Don’t invent ways to block adoption
January 17, 2013 · Updated 4:03 PM
Today I read the three letters in the Jan. 4 issue concerning a prior letter that proposed that gay people who want to adopt a child should be required to be tested for AIDS/HIV. I agree with the writers who pointed out how very unfair this type of discrimination is.
I am a mother of a son and daughter who are adopted. Before this adoption could take place the following was required: I was finger printed, background checked, finance checked, three letters of recommendation were written by friends and several sessions held with a social worker.
The adoption process in Washington is very rigorous and thorough, as it should be. It does not discriminate on the basis of marital status, race, religion or sexual identity, nor should it.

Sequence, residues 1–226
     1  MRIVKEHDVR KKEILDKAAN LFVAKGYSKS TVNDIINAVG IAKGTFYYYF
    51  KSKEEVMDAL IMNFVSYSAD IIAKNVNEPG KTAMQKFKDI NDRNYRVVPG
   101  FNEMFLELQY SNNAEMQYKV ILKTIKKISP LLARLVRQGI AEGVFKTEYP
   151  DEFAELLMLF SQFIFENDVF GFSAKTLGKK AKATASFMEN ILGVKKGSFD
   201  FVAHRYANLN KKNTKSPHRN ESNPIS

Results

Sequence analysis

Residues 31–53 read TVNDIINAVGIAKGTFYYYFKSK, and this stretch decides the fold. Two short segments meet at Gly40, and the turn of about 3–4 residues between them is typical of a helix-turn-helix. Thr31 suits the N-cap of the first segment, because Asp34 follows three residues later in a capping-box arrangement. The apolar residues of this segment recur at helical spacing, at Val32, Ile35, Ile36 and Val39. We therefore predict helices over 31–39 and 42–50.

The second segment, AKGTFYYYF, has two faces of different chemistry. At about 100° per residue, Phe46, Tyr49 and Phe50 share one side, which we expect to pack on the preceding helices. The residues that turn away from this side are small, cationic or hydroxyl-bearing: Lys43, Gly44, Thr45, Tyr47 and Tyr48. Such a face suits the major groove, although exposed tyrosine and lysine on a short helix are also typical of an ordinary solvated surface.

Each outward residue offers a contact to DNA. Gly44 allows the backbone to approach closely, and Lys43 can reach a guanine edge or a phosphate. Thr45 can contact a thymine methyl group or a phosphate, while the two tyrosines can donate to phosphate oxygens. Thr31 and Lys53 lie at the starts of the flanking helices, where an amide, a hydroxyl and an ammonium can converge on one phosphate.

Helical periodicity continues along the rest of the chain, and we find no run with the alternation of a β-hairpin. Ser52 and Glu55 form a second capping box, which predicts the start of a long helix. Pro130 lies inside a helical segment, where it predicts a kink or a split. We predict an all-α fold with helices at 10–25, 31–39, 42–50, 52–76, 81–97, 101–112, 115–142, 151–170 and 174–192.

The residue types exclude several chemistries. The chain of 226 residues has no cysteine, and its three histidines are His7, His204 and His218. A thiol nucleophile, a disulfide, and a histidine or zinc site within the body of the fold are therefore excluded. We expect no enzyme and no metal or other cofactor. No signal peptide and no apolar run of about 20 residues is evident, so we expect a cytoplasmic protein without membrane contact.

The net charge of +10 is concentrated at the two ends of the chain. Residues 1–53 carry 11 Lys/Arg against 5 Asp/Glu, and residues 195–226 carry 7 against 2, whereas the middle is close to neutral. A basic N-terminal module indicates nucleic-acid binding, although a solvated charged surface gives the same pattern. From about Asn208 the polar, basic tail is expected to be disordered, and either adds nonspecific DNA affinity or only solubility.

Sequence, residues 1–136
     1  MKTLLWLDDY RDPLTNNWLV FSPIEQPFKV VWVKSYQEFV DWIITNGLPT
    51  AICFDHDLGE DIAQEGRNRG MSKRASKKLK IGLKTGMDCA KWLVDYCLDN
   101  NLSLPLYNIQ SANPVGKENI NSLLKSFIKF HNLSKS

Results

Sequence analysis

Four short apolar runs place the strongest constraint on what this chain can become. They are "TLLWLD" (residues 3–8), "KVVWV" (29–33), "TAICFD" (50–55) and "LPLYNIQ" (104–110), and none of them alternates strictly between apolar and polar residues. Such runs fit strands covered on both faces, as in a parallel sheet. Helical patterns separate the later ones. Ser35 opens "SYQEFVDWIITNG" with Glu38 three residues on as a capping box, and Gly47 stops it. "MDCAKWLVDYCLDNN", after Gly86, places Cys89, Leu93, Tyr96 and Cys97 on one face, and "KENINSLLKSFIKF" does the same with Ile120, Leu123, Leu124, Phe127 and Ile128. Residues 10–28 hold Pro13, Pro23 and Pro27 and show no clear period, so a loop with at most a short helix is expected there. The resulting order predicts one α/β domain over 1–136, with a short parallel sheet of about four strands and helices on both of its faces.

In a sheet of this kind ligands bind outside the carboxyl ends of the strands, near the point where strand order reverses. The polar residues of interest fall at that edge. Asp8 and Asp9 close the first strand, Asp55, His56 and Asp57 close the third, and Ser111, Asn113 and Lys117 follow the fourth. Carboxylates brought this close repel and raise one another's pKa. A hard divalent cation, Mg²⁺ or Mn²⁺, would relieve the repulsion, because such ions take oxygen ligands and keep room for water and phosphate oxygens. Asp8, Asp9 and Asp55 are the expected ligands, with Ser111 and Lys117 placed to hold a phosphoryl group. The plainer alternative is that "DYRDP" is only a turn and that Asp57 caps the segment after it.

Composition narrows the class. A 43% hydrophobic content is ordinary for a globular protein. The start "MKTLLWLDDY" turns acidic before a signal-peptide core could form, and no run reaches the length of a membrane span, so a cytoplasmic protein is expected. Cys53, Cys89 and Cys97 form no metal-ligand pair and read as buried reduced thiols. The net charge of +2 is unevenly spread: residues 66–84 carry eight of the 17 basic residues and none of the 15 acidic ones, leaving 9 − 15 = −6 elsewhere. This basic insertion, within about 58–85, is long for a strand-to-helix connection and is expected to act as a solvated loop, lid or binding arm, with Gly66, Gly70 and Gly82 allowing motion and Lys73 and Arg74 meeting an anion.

When prospective parents are denied the right to adopt they are not the only victims. The number of orphans far exceeds the number of adoptive parents.
An orphan child who never has a “forever home” is often a person with a very bleak future. A “forever home” with a daddy, a mommy, two dads, two moms or a mom and a dad can transform a life. Orphanages and foster care often fail to help children thrive.
People who truly care about the welfare of orphans do not try to invent ways to block adoption.
Our state has many adoptable children in foster care. In the world there are over a million orphans.
Help these children find a “forever home” and a family to love them. Encourage more adoptions.
Help make this world a better place.
Eleanor Mann, Bothell